Hello my lovelies! Some more mini reviews for you today – let’s get straight to it, shall we? 😀
Deja and Josiah are seasonal best friends.
Every autumn, all through high school, they’ve worked together at the best pumpkin patch in the whole wide world. (Not many people know that the best pumpkin patch in the whole wide world is in Omaha, Nebraska, but it definitely is.) They say good-bye every Halloween, and they’re reunited every September 1.
But this Halloween is different—Josiah and Deja are finally seniors, and this is their last season at the pumpkin patch. Their last shift together. Their last good-bye.
Josiah’s ready to spend the whole night feeling melancholy about it. Deja isn’t ready to let him. She’s got a plan: What if—instead of moping and the usual slinging lima beans down at the Succotash Hut—they went out with a bang? They could see all the sights! Taste all the snacks! And Josiah could finally talk to that cute girl he’s been mooning over for three years…
This was a super cute seasonal read! If you’re a fan of Autumn/Halloween, you need this book in your life. It is a pumpkin-lover’s dream! I don’t know if American pumpkin patches are actually like this, but if they are then I need to visit one!
I’ve said in the past that food in books ticks a big box for me, so all the amazing snacks mentioned in Pumpkinheads were definitely a highlight. If nothing else, this book will make you crave smores and pumpkin pie.
I loved the art style and the colour scheme was gorgeous. The characters were exactly what we’ve all come to expect from a Rainbow Rowell book; Deja was a particular favourite of mine. She came out with the best puns. And yay for curvy girls!
Overall, this was a very fast read that I enjoyed a lot. It was subtle as a brick but cute and fluffy, and sometimes that’s just what you need. I adored the setting and would happily read more stories in this world – or I’d totally be up for a Christmas themed sequel 😉
Elizabeth Lavenza hasn’t had a proper meal in weeks. Her thin arms are covered with bruises from her “caregiver,” and she is on the verge of being thrown into the streets… until she is brought to the home of Victor Frankenstein, an unsmiling, solitary boy who has everything–except a friend.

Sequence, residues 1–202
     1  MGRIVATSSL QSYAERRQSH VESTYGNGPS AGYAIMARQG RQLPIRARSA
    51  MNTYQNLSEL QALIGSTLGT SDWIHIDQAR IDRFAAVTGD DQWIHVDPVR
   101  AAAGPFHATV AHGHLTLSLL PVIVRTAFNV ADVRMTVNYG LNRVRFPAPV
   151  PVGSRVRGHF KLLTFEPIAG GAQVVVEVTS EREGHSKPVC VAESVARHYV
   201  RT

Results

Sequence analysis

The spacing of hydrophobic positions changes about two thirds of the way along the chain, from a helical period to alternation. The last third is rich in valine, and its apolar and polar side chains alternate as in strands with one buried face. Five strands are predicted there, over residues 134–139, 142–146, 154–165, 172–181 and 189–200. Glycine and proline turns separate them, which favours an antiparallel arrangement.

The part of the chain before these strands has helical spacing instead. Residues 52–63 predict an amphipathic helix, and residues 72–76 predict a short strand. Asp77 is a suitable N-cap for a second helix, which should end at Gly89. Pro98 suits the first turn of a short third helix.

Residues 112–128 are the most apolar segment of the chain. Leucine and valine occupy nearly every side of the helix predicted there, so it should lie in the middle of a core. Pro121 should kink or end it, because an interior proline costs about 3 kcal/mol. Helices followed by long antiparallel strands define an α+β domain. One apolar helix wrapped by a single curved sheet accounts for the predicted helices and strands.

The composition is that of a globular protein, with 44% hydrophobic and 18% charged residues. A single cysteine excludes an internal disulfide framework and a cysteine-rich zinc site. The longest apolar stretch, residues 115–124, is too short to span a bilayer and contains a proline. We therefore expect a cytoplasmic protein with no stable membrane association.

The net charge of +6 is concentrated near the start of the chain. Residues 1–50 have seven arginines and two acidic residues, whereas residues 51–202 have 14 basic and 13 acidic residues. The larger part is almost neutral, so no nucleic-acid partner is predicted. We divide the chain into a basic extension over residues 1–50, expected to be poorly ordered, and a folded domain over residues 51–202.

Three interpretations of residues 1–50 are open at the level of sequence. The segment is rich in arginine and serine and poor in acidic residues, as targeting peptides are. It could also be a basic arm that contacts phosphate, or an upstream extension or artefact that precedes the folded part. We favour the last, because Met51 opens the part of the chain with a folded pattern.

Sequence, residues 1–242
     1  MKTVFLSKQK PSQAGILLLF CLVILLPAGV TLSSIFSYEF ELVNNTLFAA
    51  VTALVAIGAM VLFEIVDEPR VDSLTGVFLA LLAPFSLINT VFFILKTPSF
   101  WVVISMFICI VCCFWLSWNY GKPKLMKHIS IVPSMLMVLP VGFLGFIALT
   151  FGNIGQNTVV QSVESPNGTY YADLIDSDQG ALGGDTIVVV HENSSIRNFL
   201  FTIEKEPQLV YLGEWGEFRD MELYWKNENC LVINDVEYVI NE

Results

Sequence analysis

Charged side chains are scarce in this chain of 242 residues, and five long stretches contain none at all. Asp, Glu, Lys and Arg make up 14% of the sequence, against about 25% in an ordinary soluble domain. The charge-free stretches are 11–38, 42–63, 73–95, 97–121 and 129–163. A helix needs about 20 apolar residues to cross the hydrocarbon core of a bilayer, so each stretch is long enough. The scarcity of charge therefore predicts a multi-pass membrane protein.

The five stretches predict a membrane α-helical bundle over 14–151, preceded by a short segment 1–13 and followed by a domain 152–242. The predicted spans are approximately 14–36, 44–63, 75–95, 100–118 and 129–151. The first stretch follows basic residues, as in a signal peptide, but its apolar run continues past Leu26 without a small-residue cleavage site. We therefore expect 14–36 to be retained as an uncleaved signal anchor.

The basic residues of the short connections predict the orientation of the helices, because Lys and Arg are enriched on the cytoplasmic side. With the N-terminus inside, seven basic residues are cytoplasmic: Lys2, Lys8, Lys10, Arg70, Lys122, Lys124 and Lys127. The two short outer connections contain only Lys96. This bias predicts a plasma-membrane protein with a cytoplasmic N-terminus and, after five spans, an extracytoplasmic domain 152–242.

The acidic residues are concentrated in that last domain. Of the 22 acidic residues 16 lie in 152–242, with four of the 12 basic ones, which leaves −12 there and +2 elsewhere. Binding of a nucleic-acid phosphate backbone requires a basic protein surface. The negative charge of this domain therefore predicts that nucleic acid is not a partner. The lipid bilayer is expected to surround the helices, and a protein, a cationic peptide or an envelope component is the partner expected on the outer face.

Victor is her escape from misery. Elizabeth does everything she can to make herself indispensable–and it works. She is taken in by the Frankenstein family and rewarded with a warm bed, delicious food, and dresses of the finest silk. Soon she and Victor are inseparable.
But her new life comes at a price. As the years pass, Elizabeth’s survival depends on managing Victor’s dangerous temper and entertaining his every whim, no matter how depraved. Behind her blue eyes and sweet smile lies the calculating heart of a girl determined to stay alive no matter the cost… as the world she knows is consumed by darkness.
It’s a special retelling that doesn’t just borrow from its source material but adds to it. It is clear that Kiersten White is a Frankenstein fangirl; she treats her source material with such respect. I really enjoyed her portrayal of Elizabeth’s side of the story and thought it was wonderful to get a feminist slant on this classic Gothic novel.
The tone was perfect. You know how sometimes a retelling will make the mistake of using modern language and completely losing the feel of the original? Well, that didn’t happen here. White’s writing harked back to Mary Shelley’s and felt so appropriate for the story, which was something I really appreciated.
If you’re a fan of Frankenstein, do yourself a favour and read this book! I think you could probably enjoy it even if you haven’t read the original (I mean, everyone knows the concept, right? But you’ll definitely get a lot out of it if you’re familiar with the classic.
Have you read either of these books? What did you think of them? Let me know in the comments! x